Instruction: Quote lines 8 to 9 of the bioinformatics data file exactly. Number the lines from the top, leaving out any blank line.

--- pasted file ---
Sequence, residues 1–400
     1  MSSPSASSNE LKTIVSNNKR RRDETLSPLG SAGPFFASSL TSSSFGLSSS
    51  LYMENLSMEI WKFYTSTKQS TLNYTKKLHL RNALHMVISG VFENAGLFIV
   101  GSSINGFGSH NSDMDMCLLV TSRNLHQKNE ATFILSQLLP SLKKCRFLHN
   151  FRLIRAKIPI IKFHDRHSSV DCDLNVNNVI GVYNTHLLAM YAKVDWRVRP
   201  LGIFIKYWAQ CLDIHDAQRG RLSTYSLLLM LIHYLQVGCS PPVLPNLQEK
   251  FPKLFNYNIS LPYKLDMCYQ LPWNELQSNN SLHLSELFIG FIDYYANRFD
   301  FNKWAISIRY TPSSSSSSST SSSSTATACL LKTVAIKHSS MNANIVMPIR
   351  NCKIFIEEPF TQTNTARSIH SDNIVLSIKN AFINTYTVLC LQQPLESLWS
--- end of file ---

   301  FNKWAISIRY TPSSSSSSST SSSSTATACL LKTVAIKHSS MNANIVMPIR
   351  NCKIFIEEPF TQTNTARSIH SDNIVLSIKN AFINTYTVLC LQQPLESLWS